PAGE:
What are your thoughts? How do you relate? “Parable of the Flood” by Author Unknown A man was trapped in his house during a flood. He began praying to God to rescue him. He had a vision in his head of God’s hand reaching down from heaven and lifting him to safety. The water started to rise in his house. His neighbour urged him to leave and offered him a ride to safety. The man yelled back, “I am waiting for God to save me.” The neighbour drove off in his pick-up truck.
The man continued to pray and hold on to his vision. As the water began rising in his house, he had to climb up to the roof. A boat came by with some people heading for safe ground. They yelled at the man to grab a rope they were ready to throw and take him to…

Go With the Flow

Recently, I had the opportunity to travel to Chicago for a photoshoot (yes, I was the talent – surprise!). I also used it as a chance to get away. When my colleagues found out, they wished me luck, have fun, and should be great. My response: “yeah, we’ll see”.
Not sure why I responded that way, but one of my colleagues laughed and shared with me the below story to which I very much relate to (and not just because the setting is China).
What are your thoughts? How do you relate?  “We'll See” by Author Unknown   Once upon a time, there was a farmer in the central region of China. He didn't have a lot of money and, instead of a tractor, he used an old horse to plow his field.
One afternoon, while working in the field, the horse dropped dead. Everyone in the village said, "Oh, what a horrible thing to happen." The farmer said simply, "We'll see." He was so at peace and so calm, that everyone in the village got together and, admiring his attitude, gave …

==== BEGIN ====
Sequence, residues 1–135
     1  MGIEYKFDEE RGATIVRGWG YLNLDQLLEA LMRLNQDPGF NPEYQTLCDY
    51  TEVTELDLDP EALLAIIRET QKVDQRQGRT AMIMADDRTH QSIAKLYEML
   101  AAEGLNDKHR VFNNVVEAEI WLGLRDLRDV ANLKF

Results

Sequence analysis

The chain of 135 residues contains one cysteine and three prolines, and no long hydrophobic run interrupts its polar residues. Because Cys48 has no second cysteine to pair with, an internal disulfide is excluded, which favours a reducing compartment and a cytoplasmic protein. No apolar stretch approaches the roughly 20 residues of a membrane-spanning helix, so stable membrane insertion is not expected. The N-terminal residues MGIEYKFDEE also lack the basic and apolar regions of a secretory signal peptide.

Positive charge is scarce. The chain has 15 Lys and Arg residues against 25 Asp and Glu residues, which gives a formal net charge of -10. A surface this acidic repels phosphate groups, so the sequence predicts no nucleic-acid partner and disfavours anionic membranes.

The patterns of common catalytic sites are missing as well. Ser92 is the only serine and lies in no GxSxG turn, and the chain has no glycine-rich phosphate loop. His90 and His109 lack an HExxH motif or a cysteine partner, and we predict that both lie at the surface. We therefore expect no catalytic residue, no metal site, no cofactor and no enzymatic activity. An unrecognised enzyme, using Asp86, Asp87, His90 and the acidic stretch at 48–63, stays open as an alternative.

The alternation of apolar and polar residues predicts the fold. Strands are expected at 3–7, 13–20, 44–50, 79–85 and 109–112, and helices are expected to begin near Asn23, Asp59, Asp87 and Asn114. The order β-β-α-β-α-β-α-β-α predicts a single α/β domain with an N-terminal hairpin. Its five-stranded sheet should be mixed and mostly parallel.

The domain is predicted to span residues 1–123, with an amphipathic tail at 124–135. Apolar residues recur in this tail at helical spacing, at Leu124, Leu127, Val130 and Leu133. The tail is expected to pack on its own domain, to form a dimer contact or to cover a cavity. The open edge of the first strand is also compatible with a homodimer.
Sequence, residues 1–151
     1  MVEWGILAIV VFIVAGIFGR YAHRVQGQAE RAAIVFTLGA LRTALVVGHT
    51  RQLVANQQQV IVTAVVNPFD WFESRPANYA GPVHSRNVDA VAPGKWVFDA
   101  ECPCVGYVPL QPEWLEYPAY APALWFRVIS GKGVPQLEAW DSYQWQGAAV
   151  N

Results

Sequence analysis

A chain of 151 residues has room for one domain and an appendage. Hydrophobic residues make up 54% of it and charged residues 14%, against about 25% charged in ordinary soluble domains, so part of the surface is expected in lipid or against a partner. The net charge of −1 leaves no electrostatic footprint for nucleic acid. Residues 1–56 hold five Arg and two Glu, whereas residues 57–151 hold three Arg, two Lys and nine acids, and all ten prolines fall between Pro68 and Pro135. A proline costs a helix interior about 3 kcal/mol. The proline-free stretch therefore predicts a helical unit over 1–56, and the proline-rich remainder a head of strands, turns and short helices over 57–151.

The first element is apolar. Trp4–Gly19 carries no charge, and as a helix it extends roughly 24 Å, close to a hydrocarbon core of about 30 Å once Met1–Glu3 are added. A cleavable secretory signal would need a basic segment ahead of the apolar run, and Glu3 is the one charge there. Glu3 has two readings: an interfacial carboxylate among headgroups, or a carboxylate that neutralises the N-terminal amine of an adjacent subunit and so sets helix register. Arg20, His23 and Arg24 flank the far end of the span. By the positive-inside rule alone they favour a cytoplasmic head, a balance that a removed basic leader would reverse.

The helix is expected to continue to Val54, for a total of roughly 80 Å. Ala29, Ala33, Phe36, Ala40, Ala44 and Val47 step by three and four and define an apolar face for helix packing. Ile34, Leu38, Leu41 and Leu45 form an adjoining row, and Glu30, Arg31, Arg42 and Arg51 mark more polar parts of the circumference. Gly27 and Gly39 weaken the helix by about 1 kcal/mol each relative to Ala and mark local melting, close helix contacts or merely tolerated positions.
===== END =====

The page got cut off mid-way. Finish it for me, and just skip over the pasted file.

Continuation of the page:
Respond by Shifting Perspective

Talking to a friend recently we laughed about my run-in with a rabid wolverine feline (“domesticated cat”) and then coming face-to-face with a home intruder at 4AM – these all happened in May 2014. 
We talked about this notion of reframing/ shifting the perspective to turn something negative into something positive. Indeed, I did just that turning both events into blog posts with lessons for entrepreneurs.
Steve Jobs’ famous Stanford Commencement Speech in 2005 included this:  “You can't connect the dots looking forward you can only connect them looking backwards. So you have to trust that the dots will somehow connect in your future. You have to trust in something: your gut, destiny, life, karma, whatever. Because believing that the dots will connect down the road will give you the confidence to follow your heart, even when it leads you off the well-worn path.” Steve’s point alludes to the opportunity to “shift perspective” – what happened cannot be changed. Trust in the opportun…

Taking Time Off Is A Constant Practice

Last week, I posted one of the most important blog posts since I started except… I lied. I didn’t quite take that vacation/ break.
I haven’t taken a vacation in quite a while. Even in late December and early January when I went to Orlando and San Fran for family vacations, I worked. A lot. This past Thursday, I still ended up working 6-7 hours even after everyone at work messaged me to get offline.
It’s a hard to be “okay” to turn off. Early in the week, I handled several marketing tasks, but I hadn’t finished any of my sales and customer success tasks. These efforts boiled over into Thursday, my supposed time off.
Having lived through the roller coaster of Body Boss and then last year’s anxiety-filled summer, knowing to turn off and actually doing so is a work-in-progress. In fact, like working out, exercising vulnerability, speaking, writing, etc., taking time off should be a constant practice.